Treatment of COFA residents intolerable
By Blaine Rogers and Elizabeth Dunne
Sometimes bad times bring out the best in people; sometimes, the worst. Unfortunately, the leadership of the Hawai'i Department of Human Services falls squarely is in the second category when it says people covered by the Compacts of Free Association between the U.S. and Palau, the Republic of the Marshall Islands and the Federated States of Micronesia are unwelcome in Hawai'i.
DHS' insensitive and inflammatory rhetoric with respect to COFA residents offers a glimpse into the flawed decision-making process of a troubled agency and belies DHS' stated mission of "empowering those who are the most vulnerable in our state to expand their capacity for self-sufficiency, self-determination, independence, healthy choices, quality of life and personal dignity."
On Feb. 4, DHS Director Lillian Koller testified before the House Committee on Human Services and House Committee on Health, in opposition to House Bill 2467, which would have — before getting stuck in the House Finance Committee — required DHS to cover dialysis and cancer treatments and more prescription drugs for COFA residents. Quoting from the Compact, Koller testified that "any alien who has been admitted under the Compact or the Compact, as amended, who cannot show that he or she has sufficient means of support in the United States, is deportable." She went on to say: "Individuals on any type of public assistance, including Hawai'i's state-only funded medical assistance for COFAs, do not have sufficient means of support."
Koller's efforts to silence this already marginalized population with the threat of deportation — which is, incidentally, an exclusive power of the federal government — is intolerable. Fraught with troubling anti-immigrant overtones, Koller's statement evinces a pronounced detachment from the difficulties faced not only by COFA residents, but also by Hawai'i residents generally.
Let's take a look at how we got here.
In June, facing budget shortfalls, DHS initiated a clandestine and illegal effort to halt health-care benefits to many COFA residents. In August, DHS escalated its campaign, announcing new rules that slashed the health care benefits provided to COFA residents already in Hawai'i. Among other things, DHS moved to eliminate coverage for life-saving treatments such as chemotherapy and dialysis and to withhold lifesaving prescription drugs. DHS gave notice of this change mere weeks before it was to be implemented, in English only, and with little to no guidance for health care providers. In short, DHS's haphazard efforts at cost-cutting led to panic in the COFA and medical communities and created a life-threatening situation.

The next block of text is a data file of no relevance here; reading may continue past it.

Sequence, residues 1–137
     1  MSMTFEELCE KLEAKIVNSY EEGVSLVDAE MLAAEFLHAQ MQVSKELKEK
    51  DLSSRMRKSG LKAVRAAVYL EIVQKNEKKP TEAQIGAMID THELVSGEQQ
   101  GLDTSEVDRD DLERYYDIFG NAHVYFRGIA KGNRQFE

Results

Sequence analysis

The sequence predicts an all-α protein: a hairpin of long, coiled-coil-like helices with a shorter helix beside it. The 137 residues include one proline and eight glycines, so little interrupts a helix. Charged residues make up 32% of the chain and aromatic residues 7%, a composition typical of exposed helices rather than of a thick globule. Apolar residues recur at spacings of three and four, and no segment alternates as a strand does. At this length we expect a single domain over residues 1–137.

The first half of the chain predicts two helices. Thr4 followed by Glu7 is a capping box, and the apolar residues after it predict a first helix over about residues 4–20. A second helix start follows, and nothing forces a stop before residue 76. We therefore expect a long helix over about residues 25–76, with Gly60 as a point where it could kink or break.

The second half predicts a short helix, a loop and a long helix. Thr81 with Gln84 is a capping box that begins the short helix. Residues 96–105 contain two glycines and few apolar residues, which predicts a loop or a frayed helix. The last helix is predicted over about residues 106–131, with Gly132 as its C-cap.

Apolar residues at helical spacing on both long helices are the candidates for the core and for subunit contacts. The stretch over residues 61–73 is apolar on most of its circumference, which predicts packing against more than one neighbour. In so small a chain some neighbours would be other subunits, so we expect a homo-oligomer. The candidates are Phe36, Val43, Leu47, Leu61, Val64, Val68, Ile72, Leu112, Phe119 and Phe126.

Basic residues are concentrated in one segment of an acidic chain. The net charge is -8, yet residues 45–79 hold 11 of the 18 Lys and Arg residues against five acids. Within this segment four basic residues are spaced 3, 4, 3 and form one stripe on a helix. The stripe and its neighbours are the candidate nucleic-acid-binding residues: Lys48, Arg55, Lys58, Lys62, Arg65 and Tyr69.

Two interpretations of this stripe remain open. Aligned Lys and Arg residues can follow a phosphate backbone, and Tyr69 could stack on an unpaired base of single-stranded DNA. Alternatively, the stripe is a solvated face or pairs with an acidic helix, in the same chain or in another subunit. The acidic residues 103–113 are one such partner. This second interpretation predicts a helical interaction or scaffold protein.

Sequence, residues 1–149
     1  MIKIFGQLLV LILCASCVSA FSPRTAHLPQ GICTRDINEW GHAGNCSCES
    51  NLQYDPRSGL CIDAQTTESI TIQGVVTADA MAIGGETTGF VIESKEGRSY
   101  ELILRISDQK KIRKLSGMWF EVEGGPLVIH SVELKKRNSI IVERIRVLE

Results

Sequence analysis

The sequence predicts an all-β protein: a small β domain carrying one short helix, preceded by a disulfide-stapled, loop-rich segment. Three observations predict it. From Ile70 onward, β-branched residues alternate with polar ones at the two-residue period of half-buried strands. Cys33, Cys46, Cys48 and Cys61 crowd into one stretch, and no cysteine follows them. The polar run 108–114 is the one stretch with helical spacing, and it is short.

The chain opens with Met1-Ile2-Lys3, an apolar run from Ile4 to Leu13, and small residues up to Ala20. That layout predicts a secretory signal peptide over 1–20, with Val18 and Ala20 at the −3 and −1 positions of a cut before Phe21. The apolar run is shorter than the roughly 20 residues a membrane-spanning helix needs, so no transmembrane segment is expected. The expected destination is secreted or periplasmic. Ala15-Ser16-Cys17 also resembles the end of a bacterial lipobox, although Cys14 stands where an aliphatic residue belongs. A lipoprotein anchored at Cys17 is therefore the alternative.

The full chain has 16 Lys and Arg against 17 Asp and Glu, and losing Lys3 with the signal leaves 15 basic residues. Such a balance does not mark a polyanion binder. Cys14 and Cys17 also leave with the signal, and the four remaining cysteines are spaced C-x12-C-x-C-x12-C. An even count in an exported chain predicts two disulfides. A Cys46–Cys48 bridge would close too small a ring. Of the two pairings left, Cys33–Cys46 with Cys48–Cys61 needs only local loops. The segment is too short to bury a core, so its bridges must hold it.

Unfortunately for DHS, the rule of law prevailed, as the U. S. District Court issued a temporary restraining order restoring benefits to their previous levels because DHS was violating recipients' constitutional due-process rights. Their plan in shambles, DHS had no choice but to comply with Hawai'i law and initiated administrative rule-making on their proposed cuts. DHS issued draft rules on Dec. 24, and held public hearings on Jan. 25 and 26. Community leaders helped mobilize more than 100 COFA residents to testify. Final rules are expected soon.
While the level of public benefits available to needy Hawai'i residents in these difficult times is an open issue, the way in which we talk about these individuals should not be uncivilized. Callously referring to them in public testimony as deportable commodities that should be grateful for their mere continued presence in Hawai'i de-humanizes these individuals, diminishes public discourse on a complex subject and evinces a shocking lack of sensitivity on the part of DHS. Koller should know better.
DHS' Web site contains an article that quotes Koller as saying that "[i]t is not good enough to just live life for yourself." We hope that Koller will heed her own words, and the mission of her agency, when considering the plight of Hawai'i's COFA residents.